If Steve Jobs had gotten his way, that VAIO in your lap could've been running OS X, Apple's operating system. It sounds like fiction, but consider the source: former Sony president Kunitake Ando. The revelation, which stems from an interview Ando gave to Japanese journalist Nobuyuki Hayashi in 2011, highlights the close relationship Jobs reportedly shared with Sony's co-founder Akio Morita -- a relationship that led Jobs to make an exception to Apple's walled off ecosystem. And according to Ando, it was on a 2001 golf trip in Hawaii that Jobs decided to surprise Sony executives with a version of Mac OS X running on a VAIO, four years before the Intel transition was made public.
As we all now know, that Apple/Sony partnership wasn't meant to be. For Sony, the proposal was simply a case of bad timing, as it ran counter to not only the success the VAIO line was experiencing at the time, but also the wishes of its engineering team. After having spent so much time optimizing VAIO for Windows, Ando says Sony's engineering team saw OS X on VAIO as a diversion of resources and were "opposed [to] asking 'if it is worth it'." It was because of these two factors that Sony never pursued the prospect of Mac-compatible VAIOs any further.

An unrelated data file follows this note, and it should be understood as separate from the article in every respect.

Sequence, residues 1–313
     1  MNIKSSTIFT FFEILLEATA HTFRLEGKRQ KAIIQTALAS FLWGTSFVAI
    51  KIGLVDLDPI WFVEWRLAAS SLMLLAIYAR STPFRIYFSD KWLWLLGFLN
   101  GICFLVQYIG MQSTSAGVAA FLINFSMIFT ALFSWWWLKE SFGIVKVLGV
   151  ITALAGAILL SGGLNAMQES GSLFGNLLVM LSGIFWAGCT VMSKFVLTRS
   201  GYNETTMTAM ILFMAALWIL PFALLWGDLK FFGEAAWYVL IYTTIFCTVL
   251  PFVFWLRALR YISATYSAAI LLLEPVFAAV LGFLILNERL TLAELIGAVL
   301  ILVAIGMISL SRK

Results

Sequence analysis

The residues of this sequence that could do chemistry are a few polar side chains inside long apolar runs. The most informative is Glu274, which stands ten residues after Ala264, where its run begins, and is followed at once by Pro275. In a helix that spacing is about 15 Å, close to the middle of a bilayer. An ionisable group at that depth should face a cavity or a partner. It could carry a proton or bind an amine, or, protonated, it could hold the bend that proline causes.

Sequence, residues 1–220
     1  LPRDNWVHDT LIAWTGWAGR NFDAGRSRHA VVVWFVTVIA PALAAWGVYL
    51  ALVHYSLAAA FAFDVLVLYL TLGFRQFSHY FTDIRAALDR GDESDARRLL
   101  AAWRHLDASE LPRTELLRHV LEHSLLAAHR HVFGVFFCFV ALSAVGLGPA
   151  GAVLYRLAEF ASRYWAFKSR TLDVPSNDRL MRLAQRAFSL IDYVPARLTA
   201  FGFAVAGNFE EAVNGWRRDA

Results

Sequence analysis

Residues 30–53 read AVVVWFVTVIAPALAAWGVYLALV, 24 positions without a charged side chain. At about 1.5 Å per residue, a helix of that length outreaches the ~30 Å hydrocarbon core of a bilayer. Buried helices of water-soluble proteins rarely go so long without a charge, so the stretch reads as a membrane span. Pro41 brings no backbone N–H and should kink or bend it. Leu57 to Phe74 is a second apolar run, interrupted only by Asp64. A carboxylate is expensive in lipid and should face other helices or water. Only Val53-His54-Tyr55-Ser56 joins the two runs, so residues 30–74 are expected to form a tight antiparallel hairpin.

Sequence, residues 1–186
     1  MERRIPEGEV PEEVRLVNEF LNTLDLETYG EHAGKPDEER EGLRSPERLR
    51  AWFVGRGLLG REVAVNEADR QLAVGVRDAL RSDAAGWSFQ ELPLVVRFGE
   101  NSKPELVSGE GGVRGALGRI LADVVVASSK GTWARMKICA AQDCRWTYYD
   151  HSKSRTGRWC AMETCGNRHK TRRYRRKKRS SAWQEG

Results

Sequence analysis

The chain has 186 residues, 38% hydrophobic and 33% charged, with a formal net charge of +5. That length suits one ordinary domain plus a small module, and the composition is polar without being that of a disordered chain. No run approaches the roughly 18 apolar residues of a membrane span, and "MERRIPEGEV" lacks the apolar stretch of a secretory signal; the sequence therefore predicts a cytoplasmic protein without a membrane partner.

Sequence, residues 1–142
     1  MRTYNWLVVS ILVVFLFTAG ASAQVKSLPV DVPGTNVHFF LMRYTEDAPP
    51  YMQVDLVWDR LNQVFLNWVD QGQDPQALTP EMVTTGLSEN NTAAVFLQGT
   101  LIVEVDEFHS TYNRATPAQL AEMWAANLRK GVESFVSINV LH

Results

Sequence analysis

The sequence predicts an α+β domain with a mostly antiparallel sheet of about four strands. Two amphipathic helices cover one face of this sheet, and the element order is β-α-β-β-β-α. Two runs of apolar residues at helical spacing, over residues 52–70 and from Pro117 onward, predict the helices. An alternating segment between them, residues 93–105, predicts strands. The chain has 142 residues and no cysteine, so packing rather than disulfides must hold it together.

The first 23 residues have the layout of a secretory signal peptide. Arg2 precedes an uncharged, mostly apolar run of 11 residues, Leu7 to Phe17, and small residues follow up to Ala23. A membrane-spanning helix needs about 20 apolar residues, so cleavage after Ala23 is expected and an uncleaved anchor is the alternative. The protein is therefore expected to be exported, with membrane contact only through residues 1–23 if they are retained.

While we'll never know the impact Mac-compatible VAIOs would've had on Sony's bottomline today, the news does come at an odd time for the struggling Japanese tech giant. Recently, its VAIO PC division's been surrounded by rumors of a possible sale; rumors Sony isn't exactly dismissing as inaccurate. And with Sony now looking to home entertainment and gaming as two key areas for growth, that potential sale seems right in line with the company's current strategy.